Student Loans – Rehabilitation vs. Consolidation vs. Pay As You Earn

Debt and Collections


It has been estimated that as many as 40 million Americans have student loan debt with an average balance of $29,000 [Source]. Being able to pay the debt has become problematic. Many loans are in default due to job loss, lack of disposable income, and skyrocketing penalties and fees on the loans themselves. If you’ve defaulted on a student loan, you’ve seen a negative impact on your credit score just as you would with other types of debt. The looming cloud of paying student loan debt is dark but there are options available including rehabilitation, consolidation, and a pay as you earn program. Rehabilitation of Student Loan Debt Rehabilitation is a one-time only option that can when requirements are met:

  • Stop wage garnishment
  • Make the loan current
  • Remove all default notations on your credit reports
  • Discontinue withholding of IRS tax refund

You must agree to a payment amount and actually pay that amount for nine months in a row under the program. The amount is determined using an Adjusted Gross Income (AGI) calculation. Only federal loans are eligible for this program. Should you default on the new loan repayment amount after the rehabilitation, the default will remain on your credit so it’s important to be committed and able to pay the debt. If your loan qualifies, rehabilitation is the option that Go Clean Credit would recommend because it restores your positive credit history. Consolidation of Student Loan Debt If you’ve been paying multiple lenders on student loans, this option is especially appealing but it comes at a cost. You may opt to consolidate student loan debt into one loan through a bank or directly with the Department of Education (DOE). Take into consideration the type of student loan.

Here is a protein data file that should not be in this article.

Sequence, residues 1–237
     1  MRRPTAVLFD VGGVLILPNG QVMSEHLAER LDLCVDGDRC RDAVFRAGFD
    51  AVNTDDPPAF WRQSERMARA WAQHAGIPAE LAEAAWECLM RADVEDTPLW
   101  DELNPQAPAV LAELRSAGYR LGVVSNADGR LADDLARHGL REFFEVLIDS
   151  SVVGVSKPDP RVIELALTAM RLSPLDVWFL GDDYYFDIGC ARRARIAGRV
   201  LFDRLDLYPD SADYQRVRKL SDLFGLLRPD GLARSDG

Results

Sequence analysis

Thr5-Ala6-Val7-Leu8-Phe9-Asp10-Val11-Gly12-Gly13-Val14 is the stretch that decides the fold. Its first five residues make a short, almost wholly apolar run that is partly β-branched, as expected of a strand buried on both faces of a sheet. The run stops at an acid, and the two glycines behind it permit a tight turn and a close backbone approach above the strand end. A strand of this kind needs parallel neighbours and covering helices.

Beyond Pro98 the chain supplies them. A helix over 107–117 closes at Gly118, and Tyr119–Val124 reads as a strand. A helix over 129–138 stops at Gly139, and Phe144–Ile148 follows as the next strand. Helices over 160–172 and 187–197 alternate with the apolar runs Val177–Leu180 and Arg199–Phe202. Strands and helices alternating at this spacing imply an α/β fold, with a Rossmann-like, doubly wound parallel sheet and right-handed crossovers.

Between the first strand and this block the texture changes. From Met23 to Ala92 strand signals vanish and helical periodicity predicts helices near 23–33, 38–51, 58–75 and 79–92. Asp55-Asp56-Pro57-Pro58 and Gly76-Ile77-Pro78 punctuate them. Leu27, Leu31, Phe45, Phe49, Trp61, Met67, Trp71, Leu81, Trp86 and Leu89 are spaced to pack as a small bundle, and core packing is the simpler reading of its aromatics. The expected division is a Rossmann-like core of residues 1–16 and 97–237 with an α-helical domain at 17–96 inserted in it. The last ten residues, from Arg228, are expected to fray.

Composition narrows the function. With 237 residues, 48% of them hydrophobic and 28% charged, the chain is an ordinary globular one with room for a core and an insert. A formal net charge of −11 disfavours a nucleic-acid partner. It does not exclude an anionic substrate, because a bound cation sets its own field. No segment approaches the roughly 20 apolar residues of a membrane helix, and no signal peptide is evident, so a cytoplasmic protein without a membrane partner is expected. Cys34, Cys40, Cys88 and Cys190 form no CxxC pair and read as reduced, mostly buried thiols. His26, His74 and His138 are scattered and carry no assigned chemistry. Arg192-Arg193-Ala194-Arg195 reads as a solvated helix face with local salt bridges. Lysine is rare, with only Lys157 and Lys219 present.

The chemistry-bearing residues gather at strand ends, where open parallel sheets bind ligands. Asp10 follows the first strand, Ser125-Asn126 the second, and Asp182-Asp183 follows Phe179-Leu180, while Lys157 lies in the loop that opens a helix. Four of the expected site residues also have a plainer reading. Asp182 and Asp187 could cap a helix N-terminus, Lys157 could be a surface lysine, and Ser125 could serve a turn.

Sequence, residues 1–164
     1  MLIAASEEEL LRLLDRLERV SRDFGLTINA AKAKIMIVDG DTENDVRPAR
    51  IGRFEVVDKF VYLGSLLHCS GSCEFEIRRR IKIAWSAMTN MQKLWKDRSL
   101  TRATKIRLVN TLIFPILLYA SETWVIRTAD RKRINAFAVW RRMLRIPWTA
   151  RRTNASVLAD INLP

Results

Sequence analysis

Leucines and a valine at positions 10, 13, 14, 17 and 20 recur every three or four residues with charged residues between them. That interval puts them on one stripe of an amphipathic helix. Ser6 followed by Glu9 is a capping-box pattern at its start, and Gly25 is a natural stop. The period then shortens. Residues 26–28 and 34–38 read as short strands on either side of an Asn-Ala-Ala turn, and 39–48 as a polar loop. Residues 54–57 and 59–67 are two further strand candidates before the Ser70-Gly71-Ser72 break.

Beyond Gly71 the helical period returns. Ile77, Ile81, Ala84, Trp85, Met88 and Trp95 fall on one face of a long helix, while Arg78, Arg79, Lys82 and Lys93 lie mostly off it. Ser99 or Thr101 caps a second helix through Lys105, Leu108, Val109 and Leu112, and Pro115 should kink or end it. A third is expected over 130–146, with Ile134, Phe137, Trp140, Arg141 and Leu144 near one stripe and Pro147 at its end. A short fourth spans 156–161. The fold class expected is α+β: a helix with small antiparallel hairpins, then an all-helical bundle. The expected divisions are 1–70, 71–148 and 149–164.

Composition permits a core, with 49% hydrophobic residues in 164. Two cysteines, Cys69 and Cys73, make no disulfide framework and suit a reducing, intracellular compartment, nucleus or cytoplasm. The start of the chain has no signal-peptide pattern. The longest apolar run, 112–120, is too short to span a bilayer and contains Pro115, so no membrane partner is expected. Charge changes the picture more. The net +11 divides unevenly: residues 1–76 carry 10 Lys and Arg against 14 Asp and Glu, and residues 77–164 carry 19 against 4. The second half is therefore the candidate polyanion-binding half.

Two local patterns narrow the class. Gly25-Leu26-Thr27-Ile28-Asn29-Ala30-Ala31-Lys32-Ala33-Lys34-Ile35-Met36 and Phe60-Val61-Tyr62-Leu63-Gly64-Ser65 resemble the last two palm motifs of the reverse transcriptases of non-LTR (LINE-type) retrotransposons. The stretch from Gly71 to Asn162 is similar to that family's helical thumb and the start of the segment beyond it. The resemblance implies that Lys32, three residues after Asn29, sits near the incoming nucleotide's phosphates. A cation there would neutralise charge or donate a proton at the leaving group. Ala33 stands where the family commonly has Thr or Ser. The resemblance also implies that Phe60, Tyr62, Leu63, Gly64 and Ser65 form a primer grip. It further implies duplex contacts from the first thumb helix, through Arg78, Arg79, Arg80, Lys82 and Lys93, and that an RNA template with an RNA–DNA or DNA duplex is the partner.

• Federal debt can be consolidated with DOE or privately. The better terms may be with the DOE but that’s not always the case.
  • Perkins loans can be consolidated with Stafford or PLUS loans.
  • Perkins loans have forgiveness options so a consumer may be able to eliminate the debt without consolidating. Joining the Peace Corps, enter law enforcement, deploy with the military, or become a teacher.

Consider the terms of the consolidation and interest rate. You don’t want to end up paying more for the convenience of consolidation. The bad news? If you’ve defaulted on the original loans, the default will still appear on your credit report, even when the consolidated debt has been paid. You may be better served by choosing the pay as you earn option, especially if you’ve chosen a career that offers increasing income as you advance. Pay As You Earn for Student Loan Debt Pay as you earn is a student loan modification that stretches the term of the loan and in some cases may reduce principal. It is a relatively new program and many people are not aware of its existence. There are income requirements but it can lower payments significantly. Your maximum monthly payment is 10% of discretionary income. Discretionary income is the difference between your AGI and 150% of the poverty guideline for the size of your family and state in which you reside. Your student loan payment adjusts with your income. The term can last as long as 20 years. Pay as you earn is a good option especially if you’ve chosen a career known for its increasing income as you advance. While you may be paying for a longer term, it is designed to be an affordable option. The downside is that any delinquent payment history will remain on your credit report. Whatever student loan repayment option you choose, we want to make sure you’re fully informed. Contact Go Clean Credit today to learn more about student loan debt repayment.

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